WF developed the initial idea of the project. MP developed the code, compiled the dataset and ran the calculations. MP and WF prepared the article. MH and SS assisted with background information on the geology of the Alps and provided interpretations of the horizontal and vertical sections in Chapt. 6.
The contact author has declared that neither they nor their co-authors have any competing interests.
Publisher’s note: Copernicus Publications remains neutral with regard to jurisdictional claims in published maps and institutional affiliations.
This article is part of the special issue “New insights into the tectonic evolution of the Alps and the adjacent orogens”. It is not associated with a conference.
We greatly acknowledge the contributions of the AlpArray temporary network Z3 (Hetényi et al., 2018) and AlpArray Working Group (2015) for making this work possible. We want to thank the Deutsche Forschungsgemeinschaft (DFG) for funding the work within the framework of DFG Priority Programme “Mountain Building Processes in Four Dimensions (MB-4D)” (SPP 2017, grants FR 1146/9-1 and FR 1146/12-1). Many thanks to Tobias Diehl and Liang Zhao for giving us access to their tomographic models. We are very grateful for the comments and contributions of the editor and anonymous reviewers, who put much effort into the revision process to improve the quality of this paper. We want to acknowledge all permanent and other temporary seismic networks used in this study: Malet et al. (2015); Department Of Earth And Environmental Sciences, Geophysical Observatory, University Of München (2001); CERN (2017); Swiss Seismological Service (SED) At ETH Zurich (1983); University Of Zagreb (2001); Institute Of Geophysics, Academy Of Sciences Of The Czech Republic (1973); RESIF (1995); Institut De Physique Du Globe De Paris (IPGP) and Ecole Et Observatoire Des Sciences De La Terre De Strasbourg (EOST) (1982); GEOFON Data Centre (1993); Federal Institute for Geosciences and Natural Resources (1976); University Of Genova (1967); Kövesligethy Radó Seismological Observatory (Geodetic And Geophysical Institute, Research Centre For Astronomy And Earth Sciences, Hungarian Academy Of Sciences (MTA CSFK GGI KRSZO)) (1992); Albuquerque Seismological Laboratory (ASL)/USGS (1988); INGV Seismological Data Centre (1997); MedNet Project Partner Institutions (1988); French Landslide Observatory – Seismological Datacenter/RESIF (2006); OGS (Istituto Nazionale Di Oceanografia E Di Geofisica Sperimentale) And University Of Trieste (2002); ZAMG – Zentralanstalt Für Meterologie Und Geodynamik (1987); OGS (Istituto Nazionale Di Oceanografia E Di Geofisica Sperimentale) (2016); Polish Academy of Sciences (PAN) Polskiej Akademii Nauk (1990); RESIF (2018); University Of Trieste (1993); ZAMG - Central Institute for Meteorology and Geodynamics (2006); ESI SAS (Earth Science Institute Of The Slovak Academy Of Sciences) (2004); Slovenian Environment Agency (2001); Geological Survey-Provincia Autonoma Di Trento (1981); Leipzig University (2001); Jena (2009); McKee et al. (2018); Guéguen et al. (2017); Deschamps and Beucler (2013). The authors would also like to thank all members of the AlpArray Seismic Network team and the AlpArray SWATH-D working group and field team, mentioned in the team list above. As well as the members of the EASI field team: Jaroslava Plomerová, Helena Munzarová, Ludek Vecsey, Petr Jedlicka, Josef Kotek, Irene Bianchi, Maria-Theresia Apoloner, Florian Fuchs, Patrick Ott, Ehsan Qorbani, Katalin Gribovszki, Peter Kolinsky, Peter Jordakiev, Hans Huber, Stefano Solarino, Aladino Govoni, Simone Salimbeni, Lucia Margheriti, Adriano Cavaliere, John Clinton, Roman Racine, Sacha Barman, Robert Tanner, Pascal Graf, Laura Ermert, Anne Obermann, Stefan Hiemer, Meysam Rezaeifar, Edith Korger, Ludwig Auer, Korbinian Sager, György Hetényi, Irene Molinari, Marcus Herrmann, Saulé Zukauskaité, Paula Koelemeijer, Sascha Winterberg. For more information on the team visit http://www.alparray.ethz.ch/en/home/. A special thanks to the authors of Matplotlib (Hunter, 2007) for providing a powerful toolkit for scientific data and map visualization with the help of Basemap. Many thanks to GFZ Data Services for providing a platform to share our model results. Last but not least we want to thank the seismology group of the Ruhr-Universität Bochum, which helped to improve the quality of this work by numerous discussions and contributions.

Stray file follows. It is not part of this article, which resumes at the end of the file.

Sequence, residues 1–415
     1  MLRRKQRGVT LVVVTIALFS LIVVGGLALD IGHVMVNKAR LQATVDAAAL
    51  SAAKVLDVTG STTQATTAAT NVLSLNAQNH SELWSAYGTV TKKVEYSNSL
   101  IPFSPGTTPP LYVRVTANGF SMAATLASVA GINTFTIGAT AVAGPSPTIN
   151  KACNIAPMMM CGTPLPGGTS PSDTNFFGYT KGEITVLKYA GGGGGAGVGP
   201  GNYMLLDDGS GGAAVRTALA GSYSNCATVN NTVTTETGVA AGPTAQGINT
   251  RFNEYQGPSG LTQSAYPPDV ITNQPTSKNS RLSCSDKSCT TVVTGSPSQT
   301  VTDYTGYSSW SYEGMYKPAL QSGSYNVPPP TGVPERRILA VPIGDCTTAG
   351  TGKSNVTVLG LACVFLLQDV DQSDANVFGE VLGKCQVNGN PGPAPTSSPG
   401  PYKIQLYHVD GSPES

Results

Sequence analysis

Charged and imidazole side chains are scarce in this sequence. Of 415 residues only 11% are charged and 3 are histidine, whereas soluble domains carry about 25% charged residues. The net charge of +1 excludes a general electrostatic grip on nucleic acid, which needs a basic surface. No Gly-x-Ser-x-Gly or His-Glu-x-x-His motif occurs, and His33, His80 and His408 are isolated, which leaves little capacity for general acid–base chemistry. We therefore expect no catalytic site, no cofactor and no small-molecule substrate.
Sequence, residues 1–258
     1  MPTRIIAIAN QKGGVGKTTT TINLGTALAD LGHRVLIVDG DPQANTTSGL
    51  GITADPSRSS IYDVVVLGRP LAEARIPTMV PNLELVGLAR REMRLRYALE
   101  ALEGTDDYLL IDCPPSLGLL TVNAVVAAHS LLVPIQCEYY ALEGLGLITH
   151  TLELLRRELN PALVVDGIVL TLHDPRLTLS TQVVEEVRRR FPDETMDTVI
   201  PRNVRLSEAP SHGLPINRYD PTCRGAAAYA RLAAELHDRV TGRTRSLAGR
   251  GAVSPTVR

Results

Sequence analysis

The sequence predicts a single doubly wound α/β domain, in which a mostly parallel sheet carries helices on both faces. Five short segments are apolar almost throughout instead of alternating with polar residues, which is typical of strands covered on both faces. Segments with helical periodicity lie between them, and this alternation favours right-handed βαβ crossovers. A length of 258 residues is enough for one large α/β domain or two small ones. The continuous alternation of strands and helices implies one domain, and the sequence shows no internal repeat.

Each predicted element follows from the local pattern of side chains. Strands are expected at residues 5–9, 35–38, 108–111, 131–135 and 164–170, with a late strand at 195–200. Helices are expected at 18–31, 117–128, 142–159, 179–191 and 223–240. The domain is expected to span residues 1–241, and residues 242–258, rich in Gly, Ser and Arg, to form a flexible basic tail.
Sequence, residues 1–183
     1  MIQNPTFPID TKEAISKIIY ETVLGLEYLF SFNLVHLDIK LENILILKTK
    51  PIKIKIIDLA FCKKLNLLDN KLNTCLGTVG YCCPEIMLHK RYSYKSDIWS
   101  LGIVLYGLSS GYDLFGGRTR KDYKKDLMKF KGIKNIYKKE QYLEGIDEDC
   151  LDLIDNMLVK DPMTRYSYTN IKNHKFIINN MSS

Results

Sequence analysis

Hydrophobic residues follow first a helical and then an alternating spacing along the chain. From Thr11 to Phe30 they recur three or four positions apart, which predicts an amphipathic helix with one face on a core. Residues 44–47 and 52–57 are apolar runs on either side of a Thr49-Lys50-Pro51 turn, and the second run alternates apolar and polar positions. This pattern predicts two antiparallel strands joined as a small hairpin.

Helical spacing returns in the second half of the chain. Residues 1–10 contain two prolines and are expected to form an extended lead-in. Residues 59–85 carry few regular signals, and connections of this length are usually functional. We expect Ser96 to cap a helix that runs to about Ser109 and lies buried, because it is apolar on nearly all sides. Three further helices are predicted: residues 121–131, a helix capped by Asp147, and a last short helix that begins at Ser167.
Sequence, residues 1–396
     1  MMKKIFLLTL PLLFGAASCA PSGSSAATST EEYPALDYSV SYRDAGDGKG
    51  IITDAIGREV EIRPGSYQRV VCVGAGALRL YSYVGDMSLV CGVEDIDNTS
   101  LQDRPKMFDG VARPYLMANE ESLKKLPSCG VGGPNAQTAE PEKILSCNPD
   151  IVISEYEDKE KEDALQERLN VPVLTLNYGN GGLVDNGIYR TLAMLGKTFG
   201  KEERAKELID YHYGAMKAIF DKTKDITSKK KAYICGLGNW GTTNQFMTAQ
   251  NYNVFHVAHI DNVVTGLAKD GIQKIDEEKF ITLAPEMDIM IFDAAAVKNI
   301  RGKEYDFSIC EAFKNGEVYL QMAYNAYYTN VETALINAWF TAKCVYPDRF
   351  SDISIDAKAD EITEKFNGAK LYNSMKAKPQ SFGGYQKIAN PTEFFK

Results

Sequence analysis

This research has been supported by the Deutsche Forschungsgemeinschaft (grant nos. FR 1146/9-1 and FR 1146/12-1).
This paper was edited by Anne Paul and reviewed by two anonymous referees.